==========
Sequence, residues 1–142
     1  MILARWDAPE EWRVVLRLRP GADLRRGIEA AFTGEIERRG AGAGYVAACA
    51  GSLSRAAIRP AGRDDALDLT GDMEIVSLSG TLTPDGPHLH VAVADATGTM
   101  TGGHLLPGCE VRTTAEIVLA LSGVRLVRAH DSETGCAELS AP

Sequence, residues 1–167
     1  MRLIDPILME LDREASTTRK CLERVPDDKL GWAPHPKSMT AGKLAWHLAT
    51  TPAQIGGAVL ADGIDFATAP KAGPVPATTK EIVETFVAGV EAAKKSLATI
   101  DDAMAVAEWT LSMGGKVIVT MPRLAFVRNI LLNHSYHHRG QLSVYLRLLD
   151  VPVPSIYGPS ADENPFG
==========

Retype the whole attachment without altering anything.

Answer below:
Sequence, residues 1–142
     1  MILARWDAPE EWRVVLRLRP GADLRRGIEA AFTGEIERRG AGAGYVAACA
    51  GSLSRAAIRP AGRDDALDLT GDMEIVSLSG TLTPDGPHLH VAVADATGTM
   101  TGGHLLPGCE VRTTAEIVLA LSGVRLVRAH DSETGCAELS AP

Sequence, residues 1–167
     1  MRLIDPILME LDREASTTRK CLERVPDDKL GWAPHPKSMT AGKLAWHLAT
    51  TPAQIGGAVL ADGIDFATAP KAGPVPATTK EIVETFVAGV EAAKKSLATI
   101  DDAMAVAEWT LSMGGKVIVT MPRLAFVRNI LLNHSYHHRG QLSVYLRLLD
   151  VPVPSIYGPS ADENPFG